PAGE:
NZ Garden Bird Survey datasets published to GBIF

The New Zealand Garden Bird Survey (NZGBS) is the longest-running annual survey of biodiversity in Aotearoa New Zealand’s urban and rural landscapes, and thousands of Kiwis contribute their observations to the NZGBS each year. For one week each winter, New Zealanders across the country spend an hour in their garden, school, or local park counting the highest number of birds of each species they see or hear. They submit this information, along with characteristics of the survey site and whether the birds were fed, to the NZGBS team at Manaaki Whenua – Landcare Research (MWLR) via an online form.

The research team at MWLR analyses the 10- and 5-year trends in 14 common garden bird species observed during the NZGBS to produce the annual State of Garden Birds report. The trends give scientists, councils, community groups, and anyone interested a clue as to how the health of garden bird populations and the wider environment are changing over time.

Manaaki Whenua researcher, Dr Angela Brandt, says the data lets us understand how bird populations are changing across New Zealand.

“What’s exciting about having so many years of surveys now is that we can see how trends are changing over time. Some species show an uptick [in the 2021 report] - like kererū - or a lessening decline - like tauhou [silvereyes] - compared with earlier reports. Importantly, because the survey is done every year, we could have an early warning if a species started to decline.”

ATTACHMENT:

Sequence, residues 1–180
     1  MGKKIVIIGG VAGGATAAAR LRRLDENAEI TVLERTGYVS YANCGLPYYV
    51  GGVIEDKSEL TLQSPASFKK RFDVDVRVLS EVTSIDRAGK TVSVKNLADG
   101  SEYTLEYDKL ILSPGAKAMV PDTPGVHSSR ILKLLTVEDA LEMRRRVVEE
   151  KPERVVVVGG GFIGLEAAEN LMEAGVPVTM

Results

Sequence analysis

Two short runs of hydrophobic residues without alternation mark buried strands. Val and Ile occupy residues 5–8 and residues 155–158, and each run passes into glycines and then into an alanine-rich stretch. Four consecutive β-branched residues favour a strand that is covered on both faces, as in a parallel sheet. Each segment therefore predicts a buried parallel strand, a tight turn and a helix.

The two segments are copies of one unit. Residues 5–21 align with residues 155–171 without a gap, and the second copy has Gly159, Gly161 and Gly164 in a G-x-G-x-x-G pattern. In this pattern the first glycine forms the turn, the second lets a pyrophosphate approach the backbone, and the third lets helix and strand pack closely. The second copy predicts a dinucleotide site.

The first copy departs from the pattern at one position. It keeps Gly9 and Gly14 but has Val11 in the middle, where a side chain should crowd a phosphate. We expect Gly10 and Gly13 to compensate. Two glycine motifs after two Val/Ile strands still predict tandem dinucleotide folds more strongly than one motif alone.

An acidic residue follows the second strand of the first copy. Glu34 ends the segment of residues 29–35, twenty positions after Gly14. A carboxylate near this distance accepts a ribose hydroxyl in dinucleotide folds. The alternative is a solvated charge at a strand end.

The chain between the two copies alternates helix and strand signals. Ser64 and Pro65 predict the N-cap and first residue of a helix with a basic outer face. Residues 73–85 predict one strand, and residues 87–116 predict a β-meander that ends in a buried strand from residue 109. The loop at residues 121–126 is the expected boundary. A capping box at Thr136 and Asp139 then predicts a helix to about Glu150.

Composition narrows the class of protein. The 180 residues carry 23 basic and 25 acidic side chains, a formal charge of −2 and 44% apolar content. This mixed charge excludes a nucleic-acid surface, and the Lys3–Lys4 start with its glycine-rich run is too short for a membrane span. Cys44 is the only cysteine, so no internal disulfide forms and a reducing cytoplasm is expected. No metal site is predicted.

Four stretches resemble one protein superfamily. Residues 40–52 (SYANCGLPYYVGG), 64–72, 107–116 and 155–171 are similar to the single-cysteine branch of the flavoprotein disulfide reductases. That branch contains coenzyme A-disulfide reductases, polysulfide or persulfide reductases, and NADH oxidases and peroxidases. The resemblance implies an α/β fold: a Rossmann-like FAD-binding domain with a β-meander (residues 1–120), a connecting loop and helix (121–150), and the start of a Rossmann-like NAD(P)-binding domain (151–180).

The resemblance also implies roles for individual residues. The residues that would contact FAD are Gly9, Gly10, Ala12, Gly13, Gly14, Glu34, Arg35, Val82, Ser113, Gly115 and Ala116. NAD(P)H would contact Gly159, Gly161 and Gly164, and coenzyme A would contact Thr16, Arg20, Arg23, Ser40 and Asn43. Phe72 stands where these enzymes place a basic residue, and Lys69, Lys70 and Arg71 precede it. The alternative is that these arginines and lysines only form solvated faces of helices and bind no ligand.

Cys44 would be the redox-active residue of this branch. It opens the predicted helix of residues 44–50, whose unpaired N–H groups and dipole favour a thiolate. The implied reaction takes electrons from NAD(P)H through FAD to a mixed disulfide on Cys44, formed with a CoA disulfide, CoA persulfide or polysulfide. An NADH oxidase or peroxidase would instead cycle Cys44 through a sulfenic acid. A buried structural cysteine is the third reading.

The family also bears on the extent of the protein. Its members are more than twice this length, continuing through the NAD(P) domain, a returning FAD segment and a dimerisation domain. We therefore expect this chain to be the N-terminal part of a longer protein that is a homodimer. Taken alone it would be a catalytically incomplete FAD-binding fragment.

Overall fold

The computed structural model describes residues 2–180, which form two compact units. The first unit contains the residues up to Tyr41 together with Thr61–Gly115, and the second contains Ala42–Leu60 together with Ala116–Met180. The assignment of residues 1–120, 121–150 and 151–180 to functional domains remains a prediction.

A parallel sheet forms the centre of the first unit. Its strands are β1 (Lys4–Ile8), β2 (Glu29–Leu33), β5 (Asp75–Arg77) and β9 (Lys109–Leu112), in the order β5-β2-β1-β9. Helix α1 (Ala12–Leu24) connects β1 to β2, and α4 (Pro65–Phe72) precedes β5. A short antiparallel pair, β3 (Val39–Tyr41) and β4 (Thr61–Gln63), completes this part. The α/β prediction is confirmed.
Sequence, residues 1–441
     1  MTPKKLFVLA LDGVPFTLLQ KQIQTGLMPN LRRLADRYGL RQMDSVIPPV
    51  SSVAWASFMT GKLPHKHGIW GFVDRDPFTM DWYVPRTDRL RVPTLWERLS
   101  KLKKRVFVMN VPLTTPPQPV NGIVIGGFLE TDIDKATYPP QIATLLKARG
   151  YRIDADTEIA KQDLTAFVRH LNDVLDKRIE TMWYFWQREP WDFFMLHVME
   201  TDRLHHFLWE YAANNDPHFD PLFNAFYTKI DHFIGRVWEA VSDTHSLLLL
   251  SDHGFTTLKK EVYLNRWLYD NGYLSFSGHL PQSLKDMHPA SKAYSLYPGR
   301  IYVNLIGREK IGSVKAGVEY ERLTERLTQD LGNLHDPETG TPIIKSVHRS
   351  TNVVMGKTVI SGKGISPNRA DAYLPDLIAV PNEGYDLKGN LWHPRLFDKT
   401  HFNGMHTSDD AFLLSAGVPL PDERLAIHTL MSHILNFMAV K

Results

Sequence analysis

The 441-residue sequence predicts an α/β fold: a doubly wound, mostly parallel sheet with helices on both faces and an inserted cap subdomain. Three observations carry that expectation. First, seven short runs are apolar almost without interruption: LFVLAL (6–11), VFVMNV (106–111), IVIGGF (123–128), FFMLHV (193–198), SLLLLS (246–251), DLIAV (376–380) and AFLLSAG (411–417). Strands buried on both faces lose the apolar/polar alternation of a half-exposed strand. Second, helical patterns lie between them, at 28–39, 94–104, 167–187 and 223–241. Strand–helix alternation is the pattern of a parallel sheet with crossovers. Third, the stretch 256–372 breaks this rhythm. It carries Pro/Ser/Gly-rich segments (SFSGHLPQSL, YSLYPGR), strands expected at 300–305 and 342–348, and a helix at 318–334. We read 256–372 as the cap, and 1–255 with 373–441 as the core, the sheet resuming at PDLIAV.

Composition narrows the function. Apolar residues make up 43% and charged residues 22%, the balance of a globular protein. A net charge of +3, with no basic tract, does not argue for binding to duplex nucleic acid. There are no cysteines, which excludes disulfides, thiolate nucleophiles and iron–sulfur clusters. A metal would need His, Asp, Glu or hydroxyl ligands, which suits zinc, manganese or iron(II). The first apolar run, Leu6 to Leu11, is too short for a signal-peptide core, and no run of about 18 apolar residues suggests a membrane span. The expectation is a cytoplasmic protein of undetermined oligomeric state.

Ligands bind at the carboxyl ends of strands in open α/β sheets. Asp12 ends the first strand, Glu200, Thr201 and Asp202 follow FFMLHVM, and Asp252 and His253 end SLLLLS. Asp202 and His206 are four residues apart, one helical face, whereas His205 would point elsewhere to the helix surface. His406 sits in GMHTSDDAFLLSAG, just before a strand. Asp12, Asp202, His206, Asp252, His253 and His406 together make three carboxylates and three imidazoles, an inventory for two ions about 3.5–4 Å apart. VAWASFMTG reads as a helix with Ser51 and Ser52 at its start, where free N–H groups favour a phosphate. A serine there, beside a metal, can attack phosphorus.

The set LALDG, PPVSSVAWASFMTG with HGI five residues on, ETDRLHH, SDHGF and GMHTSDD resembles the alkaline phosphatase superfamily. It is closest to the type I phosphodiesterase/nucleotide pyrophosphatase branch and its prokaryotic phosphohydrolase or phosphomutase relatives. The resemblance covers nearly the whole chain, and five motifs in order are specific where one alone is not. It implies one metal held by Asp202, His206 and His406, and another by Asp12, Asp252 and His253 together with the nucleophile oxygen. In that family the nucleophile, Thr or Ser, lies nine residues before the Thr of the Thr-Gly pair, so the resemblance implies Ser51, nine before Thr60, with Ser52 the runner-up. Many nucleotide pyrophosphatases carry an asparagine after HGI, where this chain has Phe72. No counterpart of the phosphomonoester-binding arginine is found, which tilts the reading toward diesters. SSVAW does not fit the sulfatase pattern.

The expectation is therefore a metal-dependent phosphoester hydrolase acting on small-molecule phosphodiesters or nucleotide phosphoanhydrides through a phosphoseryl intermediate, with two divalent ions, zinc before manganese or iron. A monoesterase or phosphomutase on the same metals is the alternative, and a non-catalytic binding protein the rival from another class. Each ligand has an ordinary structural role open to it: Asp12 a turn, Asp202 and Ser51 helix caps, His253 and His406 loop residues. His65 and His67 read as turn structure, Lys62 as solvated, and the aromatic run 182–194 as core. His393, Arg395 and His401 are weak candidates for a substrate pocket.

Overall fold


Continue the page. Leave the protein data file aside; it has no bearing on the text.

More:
'Pear into my eyes' photo of two tauhou (Zosterops lateralis) submitted by Nicholas Kelly to the annual NZGBS photo competition.

Dr Brandt is keen to acknowledge the contributions of the citizen scientists who generously collect the data, and states that mobilising the data through the GBIF network is another way to increase the awareness and use of the data.

In the winter sun. Photo of a kererū (Hemiphaga novaeseelandiae) submitted by Nik Hurring to the annual NZGBS photo competition.

The research team suggest there are many more ways that the data from the NZGBS could be used, and the citizen scientist and research communities have many questions they are keen to answer. For example:

  • What are the distributions of certain species across Aotearoa NZ?
  • Which suburbs of the city should I focus on for a study of pīwakawaka (fantail) populations?
  • Are our group’s predator trapping efforts leading to any new species spotted in our area?

The MWLR team has already uploaded the data for 2021 to GBIF for public access, and is now working on publishing the previous three years (2018—2020). These datasets include the full surveys and bird counts submitted in these years – not just the summarised information that is published in the annual State of Garden Birds report.

New NZGBS datasets will be uploaded each year following the release of the State of Garden Birds report.

To learn more about the NZGBS, visit